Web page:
If you make 160k you are in the 95.6 percentile for incomes, this is for all ages, id bet you are in 99th percentile for your age:
https://dqydj.com/income-percentile-calculator/

If you saved 600k from age 18-32 you are in the 99% tile for savings
https://www.shnugi.com/retirement-account-value-percentile-calculator/?min_age=18&max_age=32&retqliq=600000

Very impressive performance, you must be making some smart choices!




ridebikeseveryday

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Re: Feels expensive, not frugal
« Reply #9 on: March 06, 2018, 07:03:24 AM »
If that were true then people wouldnt make gobs of money flipping houses.... Every market is different but it works very well where I live.
Neo, where do you live? Colorado seems ripe for that. House prices have been growing at near double digits for 4 years or so, just slowing a bit now.

Also, we saw at least 3 houses that were flipped while we searched, one was bought at 387, sold for 530 with a small kitchen upgrade and some basic touch up. However, we never saw any true flip-ready houses on the market... they all seemed to change hands off-market. Any ideas on how to tap into that type of home? Know somebody?

Relevant to the original post, our offer was accepted, so now we get to rush around making hasty decisions about stuff that we don't know much about :/

But thanks all for the feedback!

Also re: savings rate, a guy at my work is at least a full 5 years ahead of us towards FI, so I've got a good rabbit to chase in that regards!

Neo

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Re: Feels expensive, not frugal
« Reply #10 on: March 06, 2018, 07:09:22 AM »
I live in Ohio. Look at foreclosures for fixers. You can also do tax auctions. If your area is really competitive it may take more hustle to find a deal.

ridebikeseveryday

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Re: Feels expensive, not frugal
« Reply #11 on: March 06, 2018, 07:16:43 AM »

If you make 160k you are in the 95.6 percentile for incomes, this is for all ages, id bet you are in 99th percentile for your age:


So we make 160k combined, 600k saved combined. So we're down in the 80%s for income, but still up at 99.7/99.8% for savings!! Indicative of most people not saving early enough!

waltworks

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Re: Feels expensive, not frugal
« Reply #12 on: March 06, 2018, 08:59:26 AM »
Man, this is OT as hell - but I remember going out to Louisville to hang out with my wife (girlfriend at the time) and oh my god, it was a dump 15-20 years ago. The idea of paying $600k for a house in Louisville is hard for me to comprehend (though we're back in the Boulder area regularly and I'm aware that it's been hyper-gentrified like everything in the Boulder county/Greater Denver area). How close are you to Sweet Cow? :)

Hell, you can live in a similar house in Steamboat and ski/mountain bike every day out your door (great schools, too) for about the same price. Then again, not many jobs there.

That said, congrats. You can easily afford it and it sounds like you like the location and community. I think you'll do just fine.

-W

ridebikeseveryday

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Re: Feels expensive, not frugal
« Reply #13 on: March 07, 2018, 07:06:47 PM »
How close are you to Sweet Cow? :)

Definitely the most important question. 5ish minute bike ride.

And ya, re: former dump, I'm bummed that our current landlord bought a bunch of property in Louisville and it's double digit grown every year in the last 10 years. It helps to have also been named "best town in america" twice. It's gotta be rigged. I'm just glad it's way less crowded than Boulder and still close enough to trails to not fire up the ole gas guzzler to get there. OH YA, the median home price in the last 6 months was something like $730k. wtf.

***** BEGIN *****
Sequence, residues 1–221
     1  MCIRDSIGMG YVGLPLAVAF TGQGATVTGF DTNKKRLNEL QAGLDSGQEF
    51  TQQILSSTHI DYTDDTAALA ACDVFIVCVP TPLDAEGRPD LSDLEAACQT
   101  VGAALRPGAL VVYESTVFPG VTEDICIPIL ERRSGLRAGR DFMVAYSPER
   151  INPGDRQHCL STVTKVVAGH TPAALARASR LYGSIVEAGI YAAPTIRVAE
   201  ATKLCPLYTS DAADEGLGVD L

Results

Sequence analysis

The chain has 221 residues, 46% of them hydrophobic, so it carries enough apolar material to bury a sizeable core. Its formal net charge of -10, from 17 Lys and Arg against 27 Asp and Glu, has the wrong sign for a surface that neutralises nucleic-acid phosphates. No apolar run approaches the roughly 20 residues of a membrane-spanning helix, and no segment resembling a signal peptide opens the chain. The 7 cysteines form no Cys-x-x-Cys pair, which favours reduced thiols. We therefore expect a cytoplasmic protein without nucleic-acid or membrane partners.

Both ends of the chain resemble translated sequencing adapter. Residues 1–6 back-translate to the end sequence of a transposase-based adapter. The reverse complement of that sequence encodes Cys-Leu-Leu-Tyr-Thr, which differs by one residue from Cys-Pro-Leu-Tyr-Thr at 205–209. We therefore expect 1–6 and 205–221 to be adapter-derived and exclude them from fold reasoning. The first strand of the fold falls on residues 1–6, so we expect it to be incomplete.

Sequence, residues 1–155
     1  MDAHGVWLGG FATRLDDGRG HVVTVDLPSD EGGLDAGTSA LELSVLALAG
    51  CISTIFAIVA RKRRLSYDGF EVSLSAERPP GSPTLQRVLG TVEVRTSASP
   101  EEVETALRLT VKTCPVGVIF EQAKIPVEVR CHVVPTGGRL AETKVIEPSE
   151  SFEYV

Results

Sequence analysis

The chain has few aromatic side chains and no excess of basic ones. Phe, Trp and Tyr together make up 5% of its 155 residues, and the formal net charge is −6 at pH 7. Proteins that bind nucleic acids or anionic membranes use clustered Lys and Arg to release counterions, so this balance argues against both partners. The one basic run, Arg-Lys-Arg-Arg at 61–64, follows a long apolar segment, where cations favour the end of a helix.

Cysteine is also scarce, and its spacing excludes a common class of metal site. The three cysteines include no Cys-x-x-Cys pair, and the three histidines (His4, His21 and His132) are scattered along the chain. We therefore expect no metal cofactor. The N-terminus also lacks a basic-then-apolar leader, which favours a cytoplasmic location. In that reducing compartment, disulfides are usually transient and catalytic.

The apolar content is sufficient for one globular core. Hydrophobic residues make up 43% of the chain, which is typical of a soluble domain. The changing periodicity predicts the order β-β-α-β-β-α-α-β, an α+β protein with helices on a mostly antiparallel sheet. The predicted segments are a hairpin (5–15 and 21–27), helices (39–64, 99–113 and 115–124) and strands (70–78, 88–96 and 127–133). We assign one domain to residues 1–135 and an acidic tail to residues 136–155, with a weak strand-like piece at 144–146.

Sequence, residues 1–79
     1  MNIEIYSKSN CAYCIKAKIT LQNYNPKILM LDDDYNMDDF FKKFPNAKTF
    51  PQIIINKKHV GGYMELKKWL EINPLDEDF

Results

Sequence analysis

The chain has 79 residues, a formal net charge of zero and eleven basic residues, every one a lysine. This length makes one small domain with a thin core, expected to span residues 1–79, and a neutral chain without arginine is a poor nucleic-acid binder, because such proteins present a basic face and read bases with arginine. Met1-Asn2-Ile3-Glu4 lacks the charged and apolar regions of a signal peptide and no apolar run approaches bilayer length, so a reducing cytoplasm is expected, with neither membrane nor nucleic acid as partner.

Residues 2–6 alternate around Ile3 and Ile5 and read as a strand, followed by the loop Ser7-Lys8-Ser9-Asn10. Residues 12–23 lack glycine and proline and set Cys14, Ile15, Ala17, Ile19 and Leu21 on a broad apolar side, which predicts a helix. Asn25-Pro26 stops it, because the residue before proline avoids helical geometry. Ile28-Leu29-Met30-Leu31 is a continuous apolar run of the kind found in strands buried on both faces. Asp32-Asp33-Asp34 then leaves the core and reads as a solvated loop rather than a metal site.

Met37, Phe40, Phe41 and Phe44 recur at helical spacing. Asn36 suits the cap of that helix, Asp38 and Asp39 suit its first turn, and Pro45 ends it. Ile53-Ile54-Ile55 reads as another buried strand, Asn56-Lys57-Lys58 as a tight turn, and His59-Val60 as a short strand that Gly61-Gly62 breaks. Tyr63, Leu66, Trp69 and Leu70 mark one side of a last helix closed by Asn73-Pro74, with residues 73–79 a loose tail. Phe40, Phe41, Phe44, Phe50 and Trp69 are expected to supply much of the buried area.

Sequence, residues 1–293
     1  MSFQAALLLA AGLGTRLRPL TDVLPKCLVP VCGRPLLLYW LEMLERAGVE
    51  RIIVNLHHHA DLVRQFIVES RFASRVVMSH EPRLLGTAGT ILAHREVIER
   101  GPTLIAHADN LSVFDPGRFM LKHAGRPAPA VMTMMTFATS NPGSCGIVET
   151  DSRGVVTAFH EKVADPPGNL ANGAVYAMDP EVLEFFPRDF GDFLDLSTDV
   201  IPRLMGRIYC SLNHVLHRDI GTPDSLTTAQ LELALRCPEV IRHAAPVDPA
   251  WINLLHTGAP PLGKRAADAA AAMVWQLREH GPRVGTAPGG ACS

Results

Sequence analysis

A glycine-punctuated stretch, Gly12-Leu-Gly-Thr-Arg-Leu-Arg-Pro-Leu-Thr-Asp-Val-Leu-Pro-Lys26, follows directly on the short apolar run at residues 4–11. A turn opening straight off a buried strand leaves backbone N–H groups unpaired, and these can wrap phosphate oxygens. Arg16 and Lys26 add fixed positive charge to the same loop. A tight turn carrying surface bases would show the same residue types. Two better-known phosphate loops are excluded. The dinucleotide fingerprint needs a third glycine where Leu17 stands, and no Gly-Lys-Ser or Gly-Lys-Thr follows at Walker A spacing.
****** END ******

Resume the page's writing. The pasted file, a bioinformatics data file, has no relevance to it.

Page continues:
If I found a killer job in Steamboat today, I'd also find something inexcusable on the home inspection. ACTUALLY, my 10 year plan is to retire to be-my-own boss that will free me from living in the flatlands.
« Last Edit: March 07, 2018, 07:09:04 PM by ridebikeseveryday »

waltworks

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Re: Feels expensive, not frugal
« Reply #14 on: March 07, 2018, 08:41:30 PM »
Sounds like you are on the same trajectory as we were in our early 30s. Wife finished grad school, we had a kid on the way, and we got sick of Boulder crowds/lack of good from-town trails and lit out for the mountains.

FWIW, when you're at that stage - the only 2 ski towns we found with decent schools were Steamboat and Park City. We ended up doing PC for a variety of reasons (mostly better mountain biking and easier airport access).

-W

kenmoremmm

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Re: Feels expensive, not frugal
« Reply #15 on: March 08, 2018, 04:47:00 PM »
keep in mind that when your $160k income drops to $80k when that biological clock gets louder and explodes, your previously easy mortgage payment will feel a lot less easy. not to mention extra food, doctor's visits, etc.

ridebikeseveryday

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Re: Feels expensive, not frugal
« Reply #16 on: March 09, 2018, 04:17:35 PM »
keep in mind that when your $160k income drops to $80k when that biological clock gets louder and explodes, your previously easy mortgage payment will feel a lot less easy. not to mention extra food, doctor's visits, etc.

Haha, I like that it explodes. That's how I imagine it at this stage. So ya, I guess the nice thing is that even when it does explode, part time and/or working from home some percentage is an option. But trying to keep a lid on that explosion for now.

That does bring up another topic. I did a bunch of net present value calculations - basically no real dollars today benefit for a 15 year mortgage. That's WITHOUT any tax benefit. With tax benefits (not likely) then the 30 year is better. My assumption is that we would take cash equal to the difference in mortgages and put it in the stock market at 5% average returns. The money spent on mortgage 30 years from now is basically free in today's dollars. I see two benefits - 1. we can continue to gamble in the stock market as it suits us, and 2. it gives us way more flexibility if one of us became unemployed, voluntarily or not. I assume the downside is that we won't have paid it off sooner and be free and clear, but there will be options to pay it off in stock market cash or refinance in the future...